「砦の町」 (Toride no Machi)
“The Citadel City”
Although Shoukoku no Altair sort of plays Mad Libs with history, messing about with Balt-Rheins and Turkiyes instead of empires of the Holy Roman and Ottoman variety, I think it should be obvious that it’s, as I keep saying, historical nonetheless. The various conflicts and tensions between countries and tribal groups should be familiar not just to students of history, but even those with passing interest in world affairs, because they have, quite unfortunately, persisted even to the modern day. It’s temptingly easy, I know, to look at the region around the Middle East and Asia Minor on a map and just see ‘Here There Be Muslims’, but it’s actually messy and complicated. No doubt you don’t need me to tell you that—just flick on the news and within 20 minutes the lesson should be loud and clear. Since antiquity, peoples Turkic, Arabic and Persian have fought and bled over the region (and occasionally the Jews would get caught up in something and die), and even within today’s strictly defined national borders we can see examples of friction between various majority and minority groups, like in Iran or Turkey. So when the Araba tribes start to rise up and demand statehood, perhaps you may get s curious sense of deja vu. And when Balt Rhein planned to annex Hisar in the name of protecting the Araba, perhaps you’ll find that you’ve seen this script before, except that other time it was produced in Ukraine.
Of course, it’s easy for someone like me to rest back in his armchair and opine about how tragic history is. There are problems everywhere, and one needs to only throw some darts at a board to find some pretty big ones, but doing anything about them is another matter. Enter our protagonist Mahmut, who actually seems to want to change the narrative of history. I know some of you have been thinking that’s he’s far too idealistic, or even indecisive, or even naive, and on some level that is true. Zaganos was certainly not ‘wrong’ to move decisively to crush the rebellion and preempt any Balt-Rhein maneuvering. In terms of stratagem, he has the right idea; Hasir cannot be allowed to fall, and a thousand lives is a small price to pay. In a game of chess, sacrificing pawns for victory is routine, and when we read about historical battles, the focus is on who won and who lost, and on the sweeping implications that may have. The consistent losers, though, are the common people, sent off to fight and die for some distant cause, or just lost as collateral damage. It’s not a matter of malicious intent; in this episode, there are no maniacal villains gleefully ordering his expendable troops to their doom. The entire plot was meant to be a bloodless coup. But things go wrong all the time, and people suffer. Thus the role of someone like Mahmut, I think. He’s an advocate for the little guy who gets trampled underfoot. It’s not about right or wrong, just a matter having that extra perspective. No matter the ultimate course of action, it’s worthwhile to have somebody who’s keeping in mind the human cost of statecraft.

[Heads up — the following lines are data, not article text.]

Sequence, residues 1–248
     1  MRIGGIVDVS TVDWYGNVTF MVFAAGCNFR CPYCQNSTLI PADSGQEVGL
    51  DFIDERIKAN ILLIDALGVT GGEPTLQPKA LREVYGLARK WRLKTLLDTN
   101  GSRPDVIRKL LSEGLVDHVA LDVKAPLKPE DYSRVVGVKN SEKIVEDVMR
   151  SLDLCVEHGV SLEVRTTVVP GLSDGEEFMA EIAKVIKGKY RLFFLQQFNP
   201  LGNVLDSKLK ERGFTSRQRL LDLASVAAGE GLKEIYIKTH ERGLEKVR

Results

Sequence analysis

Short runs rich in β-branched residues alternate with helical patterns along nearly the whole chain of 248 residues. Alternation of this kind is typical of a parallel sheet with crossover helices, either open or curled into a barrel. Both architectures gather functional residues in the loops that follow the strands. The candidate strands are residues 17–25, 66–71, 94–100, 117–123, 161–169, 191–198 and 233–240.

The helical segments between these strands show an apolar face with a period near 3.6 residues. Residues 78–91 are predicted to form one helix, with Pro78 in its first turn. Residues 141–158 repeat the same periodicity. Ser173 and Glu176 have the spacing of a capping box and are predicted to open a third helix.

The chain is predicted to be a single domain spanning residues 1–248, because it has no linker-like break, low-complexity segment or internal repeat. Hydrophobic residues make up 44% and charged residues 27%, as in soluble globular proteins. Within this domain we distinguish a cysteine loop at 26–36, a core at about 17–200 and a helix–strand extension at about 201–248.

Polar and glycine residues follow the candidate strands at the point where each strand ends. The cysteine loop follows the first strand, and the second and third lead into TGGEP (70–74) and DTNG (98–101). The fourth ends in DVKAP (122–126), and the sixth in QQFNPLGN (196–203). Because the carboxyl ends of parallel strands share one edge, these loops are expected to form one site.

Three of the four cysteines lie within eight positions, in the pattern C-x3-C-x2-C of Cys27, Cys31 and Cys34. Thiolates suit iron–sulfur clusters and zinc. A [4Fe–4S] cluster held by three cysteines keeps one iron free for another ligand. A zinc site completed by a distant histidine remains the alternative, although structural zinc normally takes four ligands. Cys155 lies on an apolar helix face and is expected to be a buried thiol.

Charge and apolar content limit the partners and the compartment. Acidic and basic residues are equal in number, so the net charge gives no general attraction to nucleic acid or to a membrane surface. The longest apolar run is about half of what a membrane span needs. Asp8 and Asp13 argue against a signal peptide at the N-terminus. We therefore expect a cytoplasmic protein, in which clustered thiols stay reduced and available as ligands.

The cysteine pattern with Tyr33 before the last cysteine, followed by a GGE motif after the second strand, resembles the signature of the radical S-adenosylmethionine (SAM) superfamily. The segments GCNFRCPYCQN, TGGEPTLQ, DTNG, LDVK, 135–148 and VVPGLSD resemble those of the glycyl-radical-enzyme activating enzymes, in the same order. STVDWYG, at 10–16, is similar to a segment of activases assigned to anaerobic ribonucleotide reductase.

Next week this arc will likely be resolved, and Mahmut’s place in the government of Turkiye decided. It’ll also be three episodes in, so a lot of us will be making some final judgments regards the show. So far, the pacing has still been a bit too fast for my liking, which is unfortunate, but I think the big ideas are there. I’ve already mostly accepted that Shoukoku no Altair is not going to be a perfect adaptation by any means, especially not with just 24 episodes, but hopefully it’ll at least be a broadly interesting show about Turkic history. We don’t get a lot of that in anime.